HUD DESIGNATES LAGRANGE HOUSING AUTHORITY AS AN ENVISION CENTER
First EnVision Center in the State of Georgia "Dwells in Possibility"
[HUD SE Region Administrator Denise Cleveland-Leggett tours the LaGrange Housing Authority EnVision Center.]
HUD SE Region Administrator Denise Cleveland-Leggett tours the LaGrange Housing Authority EnVision Center.
[Right to left - HUD SE Region Administrator Denise Cleveland-Leggett presents the HUD SE Region EnVision Center Official Recognition Certificate to Zsa Zsa Heard, CEO LaGrange Housing Authority.]
Right to left - HUD SE Region Administrator Denise Cleveland-Leggett presents the HUD SE Region EnVision Center Official Recognition Certificate to Zsa Zsa Heard, CEO LaGrange Housing Authority.

The U.S. Department of Housing and Urban Development (HUD) designated on October 29, 2019 the LaGrange Housing Authority of LaGrange, Georgia as the first EnVision Center in the state. HUD Southeast Regional Administrator Denise Cleveland-Leggett, USDA-FNS SE Region Administrator Willie Taylor, Zsa Zsa Heard, LaGrange Housing Authority CEO and Alice Vines, Resident Commissioner were among the distinguished speakers on hand for the opening, along with an array of attendees. The Community Center which was designated as an EnVision Center is in the hub of residential buildings of Phoenix, the recently renamed Benjamin Harvey Hill Homes. West Georgia Star is an integral component of LaGrange Housing Authority’s EnVision Center’s resident service as it serves as a non-profit corporation that promotes self-sufficiency, poverty decentralizing and helps families get well-paying jobs so they can afford to not need public assistance.

“This is a momentous moment for the Housing Authority,” said Heard, CEO of LaGrange Housing Authority. “This has been my mission, to deliberately interrupt poverty. Because the people cannot remain in those places, if you want to put them in beautiful buildings.”

Heard noted that the housing authority does things different than others.

“People are going to have to get on board because we don’t just house,” Heard said. “We house people to send them to a different and better place. It was never intended for them to stay 66 years, we just allowed it.”

Board member and resident Alice Vines spoke about her experiences saying that, “I was an officer and I lost my job, I lost my home, I lost everything that I had, and I came over here and got an apartment. I was blessed.” She added that over time under Heard’s leadership things changed for the better.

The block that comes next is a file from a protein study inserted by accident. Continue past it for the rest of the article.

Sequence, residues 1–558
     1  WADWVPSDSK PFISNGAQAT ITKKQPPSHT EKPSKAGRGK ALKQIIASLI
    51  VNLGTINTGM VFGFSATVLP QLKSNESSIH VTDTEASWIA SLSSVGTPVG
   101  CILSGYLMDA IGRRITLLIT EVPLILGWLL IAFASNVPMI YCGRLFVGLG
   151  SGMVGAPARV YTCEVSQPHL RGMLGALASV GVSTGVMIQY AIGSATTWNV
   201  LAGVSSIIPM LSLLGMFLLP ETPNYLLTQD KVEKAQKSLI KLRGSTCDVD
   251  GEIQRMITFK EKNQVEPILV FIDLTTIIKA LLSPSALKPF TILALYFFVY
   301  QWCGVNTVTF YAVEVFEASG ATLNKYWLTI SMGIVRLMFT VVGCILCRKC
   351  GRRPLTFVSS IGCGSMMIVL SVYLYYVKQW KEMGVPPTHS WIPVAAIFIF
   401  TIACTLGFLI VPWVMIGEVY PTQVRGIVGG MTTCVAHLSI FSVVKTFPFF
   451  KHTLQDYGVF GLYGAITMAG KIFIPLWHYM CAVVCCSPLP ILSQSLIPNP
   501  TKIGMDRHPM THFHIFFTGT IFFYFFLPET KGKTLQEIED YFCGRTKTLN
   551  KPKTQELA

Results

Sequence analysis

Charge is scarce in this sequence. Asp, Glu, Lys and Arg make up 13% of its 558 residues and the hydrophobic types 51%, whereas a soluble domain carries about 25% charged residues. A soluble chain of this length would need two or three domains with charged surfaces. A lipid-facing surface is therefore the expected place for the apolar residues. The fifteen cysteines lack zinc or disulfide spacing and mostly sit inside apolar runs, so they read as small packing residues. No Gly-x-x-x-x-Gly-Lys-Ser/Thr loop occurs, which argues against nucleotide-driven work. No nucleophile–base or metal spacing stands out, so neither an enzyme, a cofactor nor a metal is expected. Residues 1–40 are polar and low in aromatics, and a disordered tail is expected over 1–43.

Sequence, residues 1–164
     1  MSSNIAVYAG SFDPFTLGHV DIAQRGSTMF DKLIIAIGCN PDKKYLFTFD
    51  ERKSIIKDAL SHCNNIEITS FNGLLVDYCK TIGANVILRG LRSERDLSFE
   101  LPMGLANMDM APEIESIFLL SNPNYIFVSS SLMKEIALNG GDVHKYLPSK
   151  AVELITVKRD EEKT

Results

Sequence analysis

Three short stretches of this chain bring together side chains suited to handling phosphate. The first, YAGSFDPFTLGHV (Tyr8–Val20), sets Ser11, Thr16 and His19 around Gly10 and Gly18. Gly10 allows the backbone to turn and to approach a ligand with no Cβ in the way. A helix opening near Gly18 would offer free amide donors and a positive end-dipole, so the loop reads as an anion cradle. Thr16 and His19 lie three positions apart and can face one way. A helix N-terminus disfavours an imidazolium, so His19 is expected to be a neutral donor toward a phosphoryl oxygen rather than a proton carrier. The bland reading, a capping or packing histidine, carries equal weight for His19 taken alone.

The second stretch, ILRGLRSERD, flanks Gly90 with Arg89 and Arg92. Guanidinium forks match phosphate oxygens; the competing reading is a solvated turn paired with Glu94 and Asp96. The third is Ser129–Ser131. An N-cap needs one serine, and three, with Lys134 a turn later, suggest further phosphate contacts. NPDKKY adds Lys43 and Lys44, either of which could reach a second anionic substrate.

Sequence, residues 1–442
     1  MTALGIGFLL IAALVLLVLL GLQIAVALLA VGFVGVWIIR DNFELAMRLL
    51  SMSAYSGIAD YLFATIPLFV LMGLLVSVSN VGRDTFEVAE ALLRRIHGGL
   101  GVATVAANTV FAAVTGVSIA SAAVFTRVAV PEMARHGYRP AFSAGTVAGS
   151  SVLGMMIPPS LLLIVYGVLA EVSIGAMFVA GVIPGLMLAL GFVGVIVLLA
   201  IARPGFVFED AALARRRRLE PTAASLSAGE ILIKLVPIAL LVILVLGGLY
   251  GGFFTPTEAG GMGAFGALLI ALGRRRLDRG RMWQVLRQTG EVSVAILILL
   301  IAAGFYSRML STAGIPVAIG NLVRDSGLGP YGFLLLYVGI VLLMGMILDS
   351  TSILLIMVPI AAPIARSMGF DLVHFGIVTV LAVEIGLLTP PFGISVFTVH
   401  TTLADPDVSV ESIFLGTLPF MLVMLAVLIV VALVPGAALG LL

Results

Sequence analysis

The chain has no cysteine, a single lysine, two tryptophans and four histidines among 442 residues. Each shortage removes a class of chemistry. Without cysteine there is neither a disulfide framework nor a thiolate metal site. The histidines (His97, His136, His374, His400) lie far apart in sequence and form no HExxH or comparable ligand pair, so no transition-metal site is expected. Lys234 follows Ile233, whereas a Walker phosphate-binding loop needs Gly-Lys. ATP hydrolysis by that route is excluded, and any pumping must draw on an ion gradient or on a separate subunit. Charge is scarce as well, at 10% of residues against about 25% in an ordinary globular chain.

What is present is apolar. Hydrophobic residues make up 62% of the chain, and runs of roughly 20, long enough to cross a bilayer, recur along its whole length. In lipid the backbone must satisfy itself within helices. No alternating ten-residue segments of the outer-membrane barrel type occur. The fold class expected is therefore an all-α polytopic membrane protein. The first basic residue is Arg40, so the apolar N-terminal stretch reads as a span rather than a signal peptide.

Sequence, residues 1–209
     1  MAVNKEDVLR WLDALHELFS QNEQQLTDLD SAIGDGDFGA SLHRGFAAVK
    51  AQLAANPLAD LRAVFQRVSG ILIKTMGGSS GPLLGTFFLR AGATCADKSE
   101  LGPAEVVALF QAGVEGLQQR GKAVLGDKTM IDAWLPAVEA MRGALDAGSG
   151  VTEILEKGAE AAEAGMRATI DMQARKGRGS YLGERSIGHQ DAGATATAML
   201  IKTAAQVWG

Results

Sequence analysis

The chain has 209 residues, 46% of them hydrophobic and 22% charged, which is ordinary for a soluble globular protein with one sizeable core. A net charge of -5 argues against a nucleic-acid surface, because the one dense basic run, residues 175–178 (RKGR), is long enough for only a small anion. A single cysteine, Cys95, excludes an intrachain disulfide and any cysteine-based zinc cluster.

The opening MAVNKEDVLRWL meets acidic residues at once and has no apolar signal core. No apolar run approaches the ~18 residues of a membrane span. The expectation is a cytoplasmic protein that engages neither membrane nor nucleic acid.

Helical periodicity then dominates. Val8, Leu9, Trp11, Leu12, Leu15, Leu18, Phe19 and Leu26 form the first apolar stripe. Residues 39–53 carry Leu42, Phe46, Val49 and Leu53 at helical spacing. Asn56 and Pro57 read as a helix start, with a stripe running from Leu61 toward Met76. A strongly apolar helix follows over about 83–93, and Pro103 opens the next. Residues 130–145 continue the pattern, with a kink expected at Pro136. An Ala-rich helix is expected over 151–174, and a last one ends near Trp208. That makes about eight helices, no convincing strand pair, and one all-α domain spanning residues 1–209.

“When I first came, I would sit on my front porch and I would read my Bible,” Vines said. “You saw a lot of strays, it was guys mostly, and they were so bold. I would see them on the side of my building just smoking reefer. As time went on Heard started doing some things. Cameras were put up … all of sudden you didn’t see any strays coming around.”

Vines said it’s because of programs through West Georgia Star that the housing authority offered her and her granddaughter real hope that eventually helped them achieve educational goals they did not believe were ever possible.

HUD SE Region Administrator Denise Cleveland-Leggett concluded the day’s events as she provided closing remarks.

“When I came here, I saw that things were right,” said Cleveland-Leggett. “Leadership is the key to any successful organization.”

“If you have any organization that has a great idea, but if you don’t have a person to push it forward and to make it a reality then it’s just a good idea. You have Zsa Zsa Heard, who is one of the best leaders I have ever met.”

Concluding her remarks Cleveland-Leggett quoted Emily Dickinson.

“And that is ‘I dwell in possibility,’” Cleveland-Leggett said. “She doesn’t say, I think about possibility. I dream about what’s possible. She says, I’ve dwelled in possibility… when you dwell in possibilities, you linger, you stay there. And if you dwell in possibility, you will be blessed, and you will achieve your goals.”

LaGrange Housing Authority’s EnVision Center designation is truly remarkable and indicative of their vision and drive to “dwell in possibilities” and help them come to fruition for those they and HUD mutually serve. HUD’s EnVision Centers are premised on the notion that financial support alone can’t solve the problem of poverty, and that collective efforts across a diverse set of organizations, both public and private, are needed to help low-income individuals and families rise out of it. The programs offered are based on the EnVision Center’s four pillars: economic empowerment, educational advancement, health and wellness, and character development.